Yes, City Code limits the amount a candidate may accept, from a single source during an election period. This limit also applies to committees that give funds to candidates and to committees that make independent expenditures for or against candidates. The limits are:
The City’s contribution limits restrict the amount that a candidate may accept from a contributor in a given election period. For a regular election for city elective office, there are two election periods (primary and general). If no candidate obtains a majority of the votes cast (50% plus one) in the primary, the two candidates receiving the highest number of votes will advance to a general election (also know as a run-off). If there is no run-off election, there is no “general” period.
If a candidate receives the maximum contribution from a single source during the primary election period, and that candidate is involved in a run off, the candidate may again accept the full limit from that source in the general election period. This applies only if there is a general election and only for those candidates involved in that election. It does not apply if a candidate wins a majority of votes cast in the primary election, or is unsuccessful.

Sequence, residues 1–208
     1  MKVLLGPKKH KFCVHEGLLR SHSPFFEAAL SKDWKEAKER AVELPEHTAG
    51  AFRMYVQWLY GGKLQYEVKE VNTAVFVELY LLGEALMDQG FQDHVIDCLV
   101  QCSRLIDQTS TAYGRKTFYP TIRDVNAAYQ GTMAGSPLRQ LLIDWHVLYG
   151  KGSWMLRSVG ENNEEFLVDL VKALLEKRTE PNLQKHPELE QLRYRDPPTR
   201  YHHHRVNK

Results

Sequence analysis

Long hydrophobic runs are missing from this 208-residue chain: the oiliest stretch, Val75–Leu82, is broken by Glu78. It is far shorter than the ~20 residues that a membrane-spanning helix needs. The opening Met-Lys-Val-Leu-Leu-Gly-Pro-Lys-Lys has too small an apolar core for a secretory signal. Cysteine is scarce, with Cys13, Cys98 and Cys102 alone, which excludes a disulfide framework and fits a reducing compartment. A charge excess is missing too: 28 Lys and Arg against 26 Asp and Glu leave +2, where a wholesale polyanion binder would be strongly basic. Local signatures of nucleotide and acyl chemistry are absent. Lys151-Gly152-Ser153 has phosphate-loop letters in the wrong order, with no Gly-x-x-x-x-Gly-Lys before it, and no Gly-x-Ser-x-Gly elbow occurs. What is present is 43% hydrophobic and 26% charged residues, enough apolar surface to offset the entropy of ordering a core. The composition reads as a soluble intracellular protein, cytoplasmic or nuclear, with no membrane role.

The periods for contributions are as follows:
Off-election years are those calendar years, or portions of calendar years, before and after an election year where there is an overall “cap” or “limit” on the total amount of contributions that can be gathered in a single year. The individual limitations still apply in an off-election year, with the additional requirement that the total received per year is capped.
During an off-election year the total amount of contributions that may be accepted by candidates in a calendar year are limited to $26,650 (Council Member) or $53,300 (Mayor).
To understand when an off-election year begins and ends, it is important to first understand the period of time that is an “election year”. An election year is: 1) the year of the election; and 2) the last six months of the year preceding the election.
An off-election year is: 1) the first six months of the year preceding the election; and 2) the six months after the primary election in which a candidate prevails. Each of the two years following the election is an off-election year.